An Evening with Lola Montez
OK, so maybe you've had enough of fake news for one lifetime; but let me tell you, the Fringe Festival this year features one of the most exquisite lies you'll ever see. And it's worth every penny.
Playwright Richard Byrne, who made a splash a few years ago with another great show about lying liars, Nero/Pseudo, has hit the boards again with a show dedicated to the memory of one of the 19th century's most famous self-made women, Eliza Gilbert - or, as she was known throughout Europe in her prime, Lola Montez. Byrne's latest effort, An Evening With Lola Montez, is as intricately-constructed a play and persona as you can possibly imagine, and actor Mary Murphy personifies to perfection the low-born Irish divorcée who became a sensation through little more than grit, and a determination to rise above her wretched circumstances.
Montez, like many other aspiring artists then and now, was forced to rely on her ingenuity rather than a pedigree-or even professional training-in order to have a stage career. Her famous "Spider Dance" attracted a passionate male following from Paris to St. Petersburg, but it wasn't necessarily for its artistry as much as its appeal to male fantasy (as for what the women thought of it, well, ...).
Off stage she established a reputation as more than just a pretty face, engaging men intellectually as well as romantically. In her prime she attracted many followers and lovers, composer/pianist Franz Liszt and King Ludwig I of Bavaria most famously. Her career also coincided with one of Europe's most turbulent eras, the revolts of 1848, and her persona was such that she could be a populist one minute, and a patsy of the royalist elites the next. (Where she really stood is anyone's guess.)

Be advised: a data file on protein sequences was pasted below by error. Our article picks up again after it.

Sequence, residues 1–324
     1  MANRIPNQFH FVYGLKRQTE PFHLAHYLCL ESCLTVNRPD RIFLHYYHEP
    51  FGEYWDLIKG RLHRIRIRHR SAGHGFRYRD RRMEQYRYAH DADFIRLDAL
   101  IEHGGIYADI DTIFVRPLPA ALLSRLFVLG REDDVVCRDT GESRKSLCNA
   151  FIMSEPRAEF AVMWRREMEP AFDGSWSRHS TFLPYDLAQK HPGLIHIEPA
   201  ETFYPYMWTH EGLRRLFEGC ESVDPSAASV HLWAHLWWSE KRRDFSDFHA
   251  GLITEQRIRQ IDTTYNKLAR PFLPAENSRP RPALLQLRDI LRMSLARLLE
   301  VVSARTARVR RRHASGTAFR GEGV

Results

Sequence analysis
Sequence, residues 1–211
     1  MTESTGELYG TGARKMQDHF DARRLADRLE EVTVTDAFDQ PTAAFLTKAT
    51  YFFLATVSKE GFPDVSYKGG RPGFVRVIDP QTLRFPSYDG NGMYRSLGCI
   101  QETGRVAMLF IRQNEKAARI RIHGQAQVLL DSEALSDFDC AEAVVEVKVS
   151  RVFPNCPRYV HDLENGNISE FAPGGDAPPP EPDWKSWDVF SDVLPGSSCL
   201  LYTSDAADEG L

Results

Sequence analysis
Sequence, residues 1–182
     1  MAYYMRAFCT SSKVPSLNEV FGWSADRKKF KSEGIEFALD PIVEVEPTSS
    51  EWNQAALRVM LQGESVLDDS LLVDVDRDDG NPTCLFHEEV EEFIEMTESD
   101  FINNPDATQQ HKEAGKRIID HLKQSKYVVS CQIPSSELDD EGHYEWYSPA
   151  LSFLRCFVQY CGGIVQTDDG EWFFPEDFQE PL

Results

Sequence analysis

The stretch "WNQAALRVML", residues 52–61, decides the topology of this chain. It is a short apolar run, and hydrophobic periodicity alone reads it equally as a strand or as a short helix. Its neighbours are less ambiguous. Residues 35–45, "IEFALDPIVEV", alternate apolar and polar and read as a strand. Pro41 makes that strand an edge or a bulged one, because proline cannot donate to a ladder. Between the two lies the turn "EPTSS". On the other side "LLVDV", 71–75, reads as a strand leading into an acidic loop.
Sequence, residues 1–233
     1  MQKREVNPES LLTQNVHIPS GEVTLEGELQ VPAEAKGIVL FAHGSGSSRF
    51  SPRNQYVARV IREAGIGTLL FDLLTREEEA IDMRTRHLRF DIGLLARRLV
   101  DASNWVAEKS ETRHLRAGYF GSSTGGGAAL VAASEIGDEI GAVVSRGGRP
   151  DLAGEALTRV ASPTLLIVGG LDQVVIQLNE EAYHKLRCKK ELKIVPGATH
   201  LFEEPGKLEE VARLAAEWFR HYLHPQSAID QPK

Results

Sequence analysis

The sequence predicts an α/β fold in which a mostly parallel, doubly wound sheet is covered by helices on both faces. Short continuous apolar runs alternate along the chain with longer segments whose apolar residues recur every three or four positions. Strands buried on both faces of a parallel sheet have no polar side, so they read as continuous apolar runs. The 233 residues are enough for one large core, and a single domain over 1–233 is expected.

Byrne has constructed a script requiring the actor to master an elite-sounding accent that is not necessarily her own (Murphy nicely captures Montez's occasional slip into her native Irish brogue) while projecting a highly-refined ballerina-like carriage. He has Montez lecturing an American audience in the late 1850's about her life and career, in an attempt to correct the record in the scandalous press and present herself as a dignified professional, her less-than-virginal reputation notwithstanding.
Director DeLisa M. White has crafted Murphy's performance to a very high degree - given that this is a re-enactment of a classic 19th-century concert hall lecture, White has found ways to keep Montez' persona in the foreground with an intricate sequence of gestures and poses. Not a moment or a word is wasted here, creating a tightly-packed gem of a 1-hour show.
Then as now, PR has precious little to do with fact - Montez's generation included none other than P. T. Barnum, and that other fabulous female fake, Adah Isaacs Mencken - but Montez understood better than most that a lie, well-executed, not only rings true but is better than the truth. Montez needed admirers, audiences needed someone to admire, and she crafted her later, lecturing persona to create and curate just the right kind of admiration.
An Evening With Lola Montez is one of the most fascinating Fringe shows I've seen; and although it's only going to see one more show early this Saturday evening, here's hoping there is a revival on our stage soon.
Production Photo: Mary Murphy as Lola Montez. Photograph by Edward Hancox.
Running Time: 60 minutes without intermission.
An Evening With Lola Montez has only one more show, folks - Saturday, July 27, at 6:30 PM in the Ocean space at Christ United Methodist Church, 900 4th St., SW -- just one block north of the Waterfront SW Metro Station.
For information on tickets and festival passes, phone 866-811-4111 or visit www.capitalfringe.org